A recording of this can be found on the DVD The Song Remains Insane as well as on five of their studio albums. The Cavalera brothers play the song to close a show as Cavalera Conspiracy. Dreadnaut covers the song in their 2008 album A Taste Of. JBO covers the song in their 1997 album Laut. A Punch's Pilot covered. Suicide Silence covered the song with Max Cavalera at the Mitch Lucker Memorial Show Canadian industrial band iVardensphere released a cover of the song in August 2014; the song was played by many musicians at once, at the show by Roadrunner Records, Roadrunner United, The Concert, with the following team-up: Robert Flynn - Vocals Corey Taylor - Additional Vocals Howard Jones - Additional Vocals Jesse David Leach - Vocals Tommy Vext - Additional Vocals Andreas Kisser - Lead Guitar Scott Ian - Rhythm Guitar Dino Cazares - Rhythm Guitar Paul Gray - Bass Adam Duce - Bass Joey Jordison - Drums Roy Mayorga - Percussion Max Cavalera - lead vocals, rhythm guitar Andreas Kisser - lead guitar, backing vocals Paulo Jr. - bass Igor Cavalera - drums, percussion Produced by Ross Robinson and Sepultura Recorded and engineered by Ross Robinson Mixed by Andy Wallace Assistant Engineer: Richard Kaplan Lyrics of this song at MetroLyrics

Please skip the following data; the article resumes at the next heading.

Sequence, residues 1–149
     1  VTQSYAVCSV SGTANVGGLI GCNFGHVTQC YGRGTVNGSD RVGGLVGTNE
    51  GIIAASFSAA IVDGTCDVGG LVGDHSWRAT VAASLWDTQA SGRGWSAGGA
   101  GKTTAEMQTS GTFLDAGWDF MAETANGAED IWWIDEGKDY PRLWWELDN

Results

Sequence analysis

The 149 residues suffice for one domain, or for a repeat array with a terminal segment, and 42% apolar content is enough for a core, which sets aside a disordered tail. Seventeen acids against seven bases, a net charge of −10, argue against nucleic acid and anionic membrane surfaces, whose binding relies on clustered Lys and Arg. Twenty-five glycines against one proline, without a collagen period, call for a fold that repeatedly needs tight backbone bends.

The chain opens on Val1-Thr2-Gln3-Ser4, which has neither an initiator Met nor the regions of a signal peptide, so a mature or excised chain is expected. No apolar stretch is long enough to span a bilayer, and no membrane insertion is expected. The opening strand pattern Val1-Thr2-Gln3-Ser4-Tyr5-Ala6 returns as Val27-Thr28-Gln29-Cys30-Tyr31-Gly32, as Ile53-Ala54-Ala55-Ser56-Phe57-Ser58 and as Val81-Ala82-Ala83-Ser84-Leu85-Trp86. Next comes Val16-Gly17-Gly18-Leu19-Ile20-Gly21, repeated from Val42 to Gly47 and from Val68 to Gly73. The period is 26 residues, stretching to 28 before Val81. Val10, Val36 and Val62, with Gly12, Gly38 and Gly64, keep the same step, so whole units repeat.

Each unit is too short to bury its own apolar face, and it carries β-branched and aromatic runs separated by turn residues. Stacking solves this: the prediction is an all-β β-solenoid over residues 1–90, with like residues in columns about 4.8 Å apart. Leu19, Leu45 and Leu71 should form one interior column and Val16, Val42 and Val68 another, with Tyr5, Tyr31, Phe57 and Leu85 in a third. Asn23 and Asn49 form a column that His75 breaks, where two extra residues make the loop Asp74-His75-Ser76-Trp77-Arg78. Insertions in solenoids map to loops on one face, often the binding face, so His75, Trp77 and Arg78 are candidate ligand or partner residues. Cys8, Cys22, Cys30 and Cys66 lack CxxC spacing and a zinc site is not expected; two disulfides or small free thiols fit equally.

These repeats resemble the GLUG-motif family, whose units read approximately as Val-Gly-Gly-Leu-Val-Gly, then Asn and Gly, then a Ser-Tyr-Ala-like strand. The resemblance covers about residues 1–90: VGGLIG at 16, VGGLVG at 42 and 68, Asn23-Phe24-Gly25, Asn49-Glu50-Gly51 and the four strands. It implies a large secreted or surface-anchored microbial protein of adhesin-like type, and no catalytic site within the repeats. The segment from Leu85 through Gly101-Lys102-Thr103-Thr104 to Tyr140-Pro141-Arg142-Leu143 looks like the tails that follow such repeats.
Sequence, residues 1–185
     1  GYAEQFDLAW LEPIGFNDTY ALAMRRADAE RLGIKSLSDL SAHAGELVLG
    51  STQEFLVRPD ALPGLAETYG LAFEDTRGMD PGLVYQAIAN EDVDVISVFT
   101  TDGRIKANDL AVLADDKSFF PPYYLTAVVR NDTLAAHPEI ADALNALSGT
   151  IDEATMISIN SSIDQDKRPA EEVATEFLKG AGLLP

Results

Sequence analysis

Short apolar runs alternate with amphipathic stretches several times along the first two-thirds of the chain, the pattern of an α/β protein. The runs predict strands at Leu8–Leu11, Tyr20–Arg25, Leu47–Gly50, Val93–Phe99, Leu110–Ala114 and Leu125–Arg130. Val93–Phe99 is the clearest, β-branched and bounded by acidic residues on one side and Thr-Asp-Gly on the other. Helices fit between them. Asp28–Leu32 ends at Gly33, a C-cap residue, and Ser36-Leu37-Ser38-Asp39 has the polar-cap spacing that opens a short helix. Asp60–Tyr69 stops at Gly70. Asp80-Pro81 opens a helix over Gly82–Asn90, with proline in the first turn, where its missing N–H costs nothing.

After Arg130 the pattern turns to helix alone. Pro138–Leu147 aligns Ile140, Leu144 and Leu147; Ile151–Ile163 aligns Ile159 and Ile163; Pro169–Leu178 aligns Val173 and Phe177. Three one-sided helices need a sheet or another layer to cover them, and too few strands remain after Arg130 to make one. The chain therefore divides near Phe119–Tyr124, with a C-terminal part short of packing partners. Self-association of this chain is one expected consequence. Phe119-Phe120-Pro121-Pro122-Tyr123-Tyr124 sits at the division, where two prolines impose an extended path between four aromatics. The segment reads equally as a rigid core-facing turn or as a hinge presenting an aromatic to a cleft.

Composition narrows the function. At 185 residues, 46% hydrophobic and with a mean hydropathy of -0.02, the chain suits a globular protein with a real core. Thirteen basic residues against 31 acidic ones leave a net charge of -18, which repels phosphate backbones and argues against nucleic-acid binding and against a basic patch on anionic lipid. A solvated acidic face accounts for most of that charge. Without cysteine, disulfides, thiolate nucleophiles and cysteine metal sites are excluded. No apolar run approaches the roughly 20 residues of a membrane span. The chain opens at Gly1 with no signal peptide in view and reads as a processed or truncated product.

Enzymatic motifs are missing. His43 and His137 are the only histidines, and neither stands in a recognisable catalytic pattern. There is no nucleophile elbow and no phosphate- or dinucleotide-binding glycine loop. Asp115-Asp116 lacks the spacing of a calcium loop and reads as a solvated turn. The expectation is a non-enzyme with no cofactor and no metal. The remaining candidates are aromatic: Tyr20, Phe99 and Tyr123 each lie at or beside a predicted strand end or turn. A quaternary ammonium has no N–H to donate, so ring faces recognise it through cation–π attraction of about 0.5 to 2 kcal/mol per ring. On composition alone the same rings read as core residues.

Heavy metal music
Heavy metal is a genre of rock music that developed in the late 1960s and early 1970s in the United Kingdom. With roots in blues rock, psychedelic rock, acid rock, the bands that created heavy metal developed a thick, massive sound, characterized by amplified distortion, extended guitar solos, emphatic beats, overall loudness; the genre's lyrics and performance styles are sometimes associated with machismo. In 1968, three of the genre's most famous pioneers, Led Zeppelin, Black Sabbath and Deep Purple were founded. Though they came to attract wide audiences, they were derided by critics. During the mid-1970s, Judas Priest helped spur the genre's evolution by discarding much of its blues influence. Beginning in the late 1970s, bands in the new wave of British heavy metal such as Iron Maiden and Def Leppard followed in a similar vein. Before the end of the decade, heavy metal fans became known as "metalheads" or "headbangers". During the 1980s, glam metal became popular with groups such as Mötley Crüe.